Chambers 20th Century Dictionary

  1. Predicate

    pred′i-kāt, v.t. to affirm one thing of another: to assert: to base on certain grounds.—n. (logic and gram.) that which is stated of the subject.—n. Predicā′tion, act of predicating: assertion: affirmation.—adj. Predicā′tive, expressing predication or affirmation: affirming: asserting.—adv. Pred′icātively.—adj. Pred′icātory, affirmative. [L. prædicāre, -ātum, to proclaim.]

Rap Dictionary

  1. predicatenoun or adjective

    (adj.) relating to or being any of a series of criminal acts upon which prosecution for racketeering may be predicated. Note that racketeering is a pattern of illegal activity (as extortion and murder) that is carried out in furtherance of an enterprise (as a criminal syndicate) which is owned or controlled by those engaged in such activity (FindLaw)

  2. predicatenoun or adjective

    (noun) an act that may be describe as predicate

  3. predicatenoun or adjective

    (noun) a person who has engaged in a predicate "Yeah, you got a felony, but you ain't a predicate Never the King of New York, you live in Connecticut." -- Jadakiss (Checkmate (50 cent diss))

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How to say predicate in sign language?


  1. Chaldean Numerology

    The numerical value of predicate in Chaldean Numerology is: 6

  2. Pythagorean Numerology

    The numerical value of predicate in Pythagorean Numerology is: 9

Examples of predicate in a Sentence

  1. The Delaware Supreme Court:

    We agree with the trial court that the individual defendants breached their fiduciary duties by engaging in conduct that fell outside the range of reasonableness, and that this was a sufficient predicate for its finding of aiding and abetting liability against Royal Bank of Canada.

  2. Clint Eastwood:

    And yeah, it's a dumb thing to say. I mean, to predicate your opinion on the fact that the guy was born to Mexican parents or something, he's said a lot of dumb things. So have all of them. Both sides. But everybody - the press and everybody's going,' Oh, well, that's racist,' and they're making a big hoodoo out of it. Just fucking get over it. It's a sad time in history.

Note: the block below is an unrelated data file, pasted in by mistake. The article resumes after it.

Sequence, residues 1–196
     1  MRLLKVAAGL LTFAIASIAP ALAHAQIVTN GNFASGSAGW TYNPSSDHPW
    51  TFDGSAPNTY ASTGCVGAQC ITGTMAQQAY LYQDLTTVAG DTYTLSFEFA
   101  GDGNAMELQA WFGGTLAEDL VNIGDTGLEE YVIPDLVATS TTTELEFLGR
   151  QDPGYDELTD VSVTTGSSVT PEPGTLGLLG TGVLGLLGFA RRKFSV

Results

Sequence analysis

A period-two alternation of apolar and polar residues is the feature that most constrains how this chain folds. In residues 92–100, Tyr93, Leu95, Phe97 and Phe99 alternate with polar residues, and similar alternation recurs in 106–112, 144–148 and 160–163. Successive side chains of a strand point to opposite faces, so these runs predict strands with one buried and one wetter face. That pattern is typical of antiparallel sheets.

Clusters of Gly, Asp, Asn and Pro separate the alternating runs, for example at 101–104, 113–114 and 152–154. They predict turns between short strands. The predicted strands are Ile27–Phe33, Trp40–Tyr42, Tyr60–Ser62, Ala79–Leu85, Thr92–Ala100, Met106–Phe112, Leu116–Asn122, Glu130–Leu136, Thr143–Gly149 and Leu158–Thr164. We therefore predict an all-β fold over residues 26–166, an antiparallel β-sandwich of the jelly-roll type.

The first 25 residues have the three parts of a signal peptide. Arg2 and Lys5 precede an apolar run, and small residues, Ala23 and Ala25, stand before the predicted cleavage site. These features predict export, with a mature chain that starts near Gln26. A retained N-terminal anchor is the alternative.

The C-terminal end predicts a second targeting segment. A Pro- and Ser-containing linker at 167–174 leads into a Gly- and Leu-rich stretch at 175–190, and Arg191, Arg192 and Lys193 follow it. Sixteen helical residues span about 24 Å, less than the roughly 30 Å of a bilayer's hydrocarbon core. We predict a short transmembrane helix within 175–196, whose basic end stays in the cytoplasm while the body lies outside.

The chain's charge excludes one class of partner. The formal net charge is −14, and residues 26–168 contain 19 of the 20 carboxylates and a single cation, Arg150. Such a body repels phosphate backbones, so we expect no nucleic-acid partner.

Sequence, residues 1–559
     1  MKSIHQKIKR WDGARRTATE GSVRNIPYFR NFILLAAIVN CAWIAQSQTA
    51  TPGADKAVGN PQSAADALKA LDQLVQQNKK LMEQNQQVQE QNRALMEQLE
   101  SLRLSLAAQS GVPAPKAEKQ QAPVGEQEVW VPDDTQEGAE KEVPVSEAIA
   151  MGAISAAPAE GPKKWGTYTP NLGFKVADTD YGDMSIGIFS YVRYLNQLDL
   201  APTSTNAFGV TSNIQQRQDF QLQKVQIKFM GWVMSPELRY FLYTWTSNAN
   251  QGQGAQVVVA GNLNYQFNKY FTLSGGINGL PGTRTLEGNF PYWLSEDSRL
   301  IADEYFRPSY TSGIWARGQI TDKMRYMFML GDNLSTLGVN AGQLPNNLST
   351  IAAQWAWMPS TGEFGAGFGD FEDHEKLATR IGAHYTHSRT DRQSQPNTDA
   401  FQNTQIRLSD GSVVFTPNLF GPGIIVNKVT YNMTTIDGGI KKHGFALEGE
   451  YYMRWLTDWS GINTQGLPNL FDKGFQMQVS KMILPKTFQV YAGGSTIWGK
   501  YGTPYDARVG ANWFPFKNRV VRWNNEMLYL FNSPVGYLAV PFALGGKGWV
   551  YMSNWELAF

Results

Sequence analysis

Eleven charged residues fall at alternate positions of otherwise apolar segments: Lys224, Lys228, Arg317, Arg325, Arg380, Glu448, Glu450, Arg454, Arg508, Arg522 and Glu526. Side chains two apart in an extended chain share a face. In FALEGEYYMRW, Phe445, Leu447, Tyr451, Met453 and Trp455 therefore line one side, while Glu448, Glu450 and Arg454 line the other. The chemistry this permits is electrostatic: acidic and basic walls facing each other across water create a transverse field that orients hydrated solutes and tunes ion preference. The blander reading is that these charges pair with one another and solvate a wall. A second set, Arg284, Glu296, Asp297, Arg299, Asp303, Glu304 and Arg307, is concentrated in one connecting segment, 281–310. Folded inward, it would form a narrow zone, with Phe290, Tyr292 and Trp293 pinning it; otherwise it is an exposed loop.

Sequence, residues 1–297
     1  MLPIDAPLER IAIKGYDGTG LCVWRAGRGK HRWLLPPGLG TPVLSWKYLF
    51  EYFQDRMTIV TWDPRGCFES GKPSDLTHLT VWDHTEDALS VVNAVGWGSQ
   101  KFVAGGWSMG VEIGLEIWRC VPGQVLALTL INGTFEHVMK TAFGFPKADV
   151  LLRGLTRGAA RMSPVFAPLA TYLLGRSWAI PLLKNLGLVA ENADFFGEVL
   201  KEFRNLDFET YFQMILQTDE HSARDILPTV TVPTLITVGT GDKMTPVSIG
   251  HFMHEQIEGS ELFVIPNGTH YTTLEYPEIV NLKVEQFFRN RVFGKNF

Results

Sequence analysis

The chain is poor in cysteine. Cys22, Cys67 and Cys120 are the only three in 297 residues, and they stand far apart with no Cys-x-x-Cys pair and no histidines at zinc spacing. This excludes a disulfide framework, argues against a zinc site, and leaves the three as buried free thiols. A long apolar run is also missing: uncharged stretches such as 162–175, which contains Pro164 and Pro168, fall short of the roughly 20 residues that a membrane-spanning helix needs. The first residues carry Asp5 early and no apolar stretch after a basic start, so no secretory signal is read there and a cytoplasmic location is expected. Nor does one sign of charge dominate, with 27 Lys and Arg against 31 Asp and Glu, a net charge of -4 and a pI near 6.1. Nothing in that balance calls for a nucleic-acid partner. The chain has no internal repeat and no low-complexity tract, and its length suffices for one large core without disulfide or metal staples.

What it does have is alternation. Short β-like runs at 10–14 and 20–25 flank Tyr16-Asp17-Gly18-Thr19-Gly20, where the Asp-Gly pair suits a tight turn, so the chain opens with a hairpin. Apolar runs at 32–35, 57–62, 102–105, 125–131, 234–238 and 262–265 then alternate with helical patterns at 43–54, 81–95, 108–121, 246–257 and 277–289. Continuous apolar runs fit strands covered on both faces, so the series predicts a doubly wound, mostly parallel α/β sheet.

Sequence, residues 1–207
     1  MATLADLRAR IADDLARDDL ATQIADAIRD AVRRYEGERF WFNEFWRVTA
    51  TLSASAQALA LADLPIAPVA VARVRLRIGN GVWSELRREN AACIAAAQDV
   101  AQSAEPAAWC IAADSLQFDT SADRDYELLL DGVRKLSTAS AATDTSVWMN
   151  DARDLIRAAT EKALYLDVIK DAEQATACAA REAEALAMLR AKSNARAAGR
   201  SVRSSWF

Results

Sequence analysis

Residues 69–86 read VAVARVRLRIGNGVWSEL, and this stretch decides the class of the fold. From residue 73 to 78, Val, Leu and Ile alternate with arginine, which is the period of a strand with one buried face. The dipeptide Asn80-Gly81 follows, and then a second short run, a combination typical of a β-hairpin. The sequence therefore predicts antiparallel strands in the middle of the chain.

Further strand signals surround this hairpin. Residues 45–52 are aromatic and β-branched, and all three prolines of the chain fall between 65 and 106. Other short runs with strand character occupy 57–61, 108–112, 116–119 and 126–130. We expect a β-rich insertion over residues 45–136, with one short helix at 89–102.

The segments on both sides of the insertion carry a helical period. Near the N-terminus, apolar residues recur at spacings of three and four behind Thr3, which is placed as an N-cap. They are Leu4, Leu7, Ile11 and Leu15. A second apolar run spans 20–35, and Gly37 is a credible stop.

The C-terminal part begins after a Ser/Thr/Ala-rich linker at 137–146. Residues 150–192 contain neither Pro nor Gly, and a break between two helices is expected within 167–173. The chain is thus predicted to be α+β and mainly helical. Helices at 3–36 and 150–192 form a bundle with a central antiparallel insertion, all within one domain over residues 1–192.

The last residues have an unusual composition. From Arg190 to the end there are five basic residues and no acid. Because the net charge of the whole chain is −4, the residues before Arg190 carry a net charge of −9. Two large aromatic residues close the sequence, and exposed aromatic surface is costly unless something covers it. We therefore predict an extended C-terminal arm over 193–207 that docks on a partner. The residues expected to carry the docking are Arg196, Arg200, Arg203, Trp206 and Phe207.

3. Rick Wilson:

    There is a certain power of an indictment that had not been present in the equation, at this point, it's hard to see what the predicate is for a Chris Christie presidential run.

  4. Rick Hasen:

    This is why they want to delay certification, because delaying certification could be a predicate to arguing that the state didn't make a choice, and that the legislature should step in.

  5. Lindsey Graham:

    What I am looking for is the predicate for the search, was the information provided to the judge sufficient and necessary to authorize a raid on the former president's home within ninety days of the midterm election ? I am urging, actually insisting, the DOJ and the FBI lay their cards on the table as to why this course of action was necessary.

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"predicate." Definitions.net. STANDS4 LLC, 2024. Web. 16 Jun 2024. <https://www.definitions.net/definition/predicate>.

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    something (a term or expression or concept) that has a reciprocal relation to something else
    A nitrile
    B flair
    C reciprocal
    D breastwork